Incoming PSUSD Superintendent Mike Swize: "We’re preparing for all of our students to be able to return five days a week for full days of instruction."

On Aug. 4, the Palm Springs Unified School District will open school doors and welcome back all students, teachers and staff to a daily routine of in-person classroom learning for the first time since the pandemic closed classrooms in March 2020.

Everyone will be greeted, at least in spirit, by Mike Swize (pronounced “sweezy”). He will become the district’s new superintendent of schools on July 1, upon the retirement of Sandra Lyon from the post she’s held since 2016.

Swize is certainly not new to the school district; he’s now spent 31 years working for the district, and was sought out by the PSUSD Board of Education early on in the search for Lyon’s replacement to provide his insights and input.

“I was able to meet with the school board and talk to them about what I felt the district needed, what the district’s strengths were, and what some next steps might be for the district,” Swize told the Independent during a recent interview. “And as part of that process, I did let the board know that I would be interested in the position if that’s the direction that they chose to take.”

In early March 2021, Board President Timothy Wood offered Swize the position. Fittingly for these times, the offer came during a Zoom board meeting.

“The school board invited me in (to participate) with Dr. Lyon and shared with me that their recommendation was that I be appointed as the superintendent,” Swize said. “It was very nice, very congratulatory and really positive. There’s a lot of enthusiasm in the district for our future, and it was a very exciting conversation.”

In his 31 years with PSUSD, Swize has worked in a variety of jobs. He’s been a teacher, a bilingual programs coordinator and a principal for both elementary and middle schools. He was also the director of the English learners and elementary curriculum, and since 2011 was the assistant superintendent of educational services.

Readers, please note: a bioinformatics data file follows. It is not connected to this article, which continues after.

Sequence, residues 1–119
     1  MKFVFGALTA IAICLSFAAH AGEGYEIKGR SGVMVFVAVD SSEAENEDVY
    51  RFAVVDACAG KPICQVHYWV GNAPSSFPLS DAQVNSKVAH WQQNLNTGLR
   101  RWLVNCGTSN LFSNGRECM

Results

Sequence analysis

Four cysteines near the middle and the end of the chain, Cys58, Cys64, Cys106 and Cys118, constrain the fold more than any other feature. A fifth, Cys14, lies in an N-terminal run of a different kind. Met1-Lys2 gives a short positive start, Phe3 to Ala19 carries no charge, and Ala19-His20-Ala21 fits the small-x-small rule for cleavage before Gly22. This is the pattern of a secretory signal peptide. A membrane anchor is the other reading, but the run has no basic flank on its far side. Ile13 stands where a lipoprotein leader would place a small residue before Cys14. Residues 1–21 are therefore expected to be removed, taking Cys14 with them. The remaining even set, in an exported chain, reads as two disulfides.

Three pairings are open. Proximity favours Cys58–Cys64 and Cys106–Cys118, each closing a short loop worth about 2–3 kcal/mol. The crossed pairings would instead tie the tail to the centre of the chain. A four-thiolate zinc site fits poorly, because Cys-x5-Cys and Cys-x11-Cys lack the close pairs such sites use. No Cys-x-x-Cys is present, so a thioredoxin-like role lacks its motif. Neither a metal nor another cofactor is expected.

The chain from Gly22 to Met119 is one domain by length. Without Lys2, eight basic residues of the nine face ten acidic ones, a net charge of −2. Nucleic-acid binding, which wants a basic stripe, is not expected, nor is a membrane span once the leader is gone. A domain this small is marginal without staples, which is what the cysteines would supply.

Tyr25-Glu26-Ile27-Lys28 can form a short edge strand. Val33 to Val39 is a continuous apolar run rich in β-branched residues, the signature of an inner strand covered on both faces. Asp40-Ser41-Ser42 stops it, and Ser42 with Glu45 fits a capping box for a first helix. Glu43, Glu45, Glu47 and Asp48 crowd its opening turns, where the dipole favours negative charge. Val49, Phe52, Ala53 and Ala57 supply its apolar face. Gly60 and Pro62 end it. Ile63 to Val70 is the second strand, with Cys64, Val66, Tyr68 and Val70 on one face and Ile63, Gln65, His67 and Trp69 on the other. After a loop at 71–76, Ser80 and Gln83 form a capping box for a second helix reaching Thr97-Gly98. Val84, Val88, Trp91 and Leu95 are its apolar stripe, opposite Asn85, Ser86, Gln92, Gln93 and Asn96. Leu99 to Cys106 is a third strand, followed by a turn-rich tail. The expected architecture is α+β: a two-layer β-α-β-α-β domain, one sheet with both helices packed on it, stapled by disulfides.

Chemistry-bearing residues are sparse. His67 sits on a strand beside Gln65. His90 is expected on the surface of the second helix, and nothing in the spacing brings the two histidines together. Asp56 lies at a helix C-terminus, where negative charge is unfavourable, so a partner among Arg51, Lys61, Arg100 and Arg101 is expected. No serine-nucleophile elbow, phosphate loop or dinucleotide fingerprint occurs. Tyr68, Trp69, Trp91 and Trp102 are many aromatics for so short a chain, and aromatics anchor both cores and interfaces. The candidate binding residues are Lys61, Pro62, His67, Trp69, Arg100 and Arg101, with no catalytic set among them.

“I love this district very much, and I’m proud to have worked here with so many amazing people,” Swize said. “Working alongside Dr. Lyon, and the other assistant superintendents, Dr. Tony Signoret and Dr. Brian Murray, the district was really moving in a very positive direction and making some significant changes. Although the mandated school closures created some new challenges for us, we continued to work closely together to navigate through that. So, to me, (my hiring) was the school board acknowledging all of the incredible people in this district, and the direction in which the district is headed, and really reinforcing that we’re on the right path. We need to continue to make improvements, and focus on a few things, and do them extremely well—with shared values around equity, innovation and high academic outcomes for all students.”

When asked what work the district needs to do, Swize cited ongoing issues of equity and diversity.

“Our school board, along with a broad group of stakeholders, has established some specific goals for us in those areas, and working with the entire district to advance that work is going to be a top priority,” Swize said. “Overall, we need to continue to focus on some of our key academic indicators. Are students reading proficiently by third-grade? Are they being successful in their high school integrated math course work? Are students college- and career-ready? We need to do it in a way that (shows us to be) a positive district, where we are valuing culture and relationships, and attending to the social and emotional needs of our staff, our students and their families. That’s something that we’re all very proud of in our district.”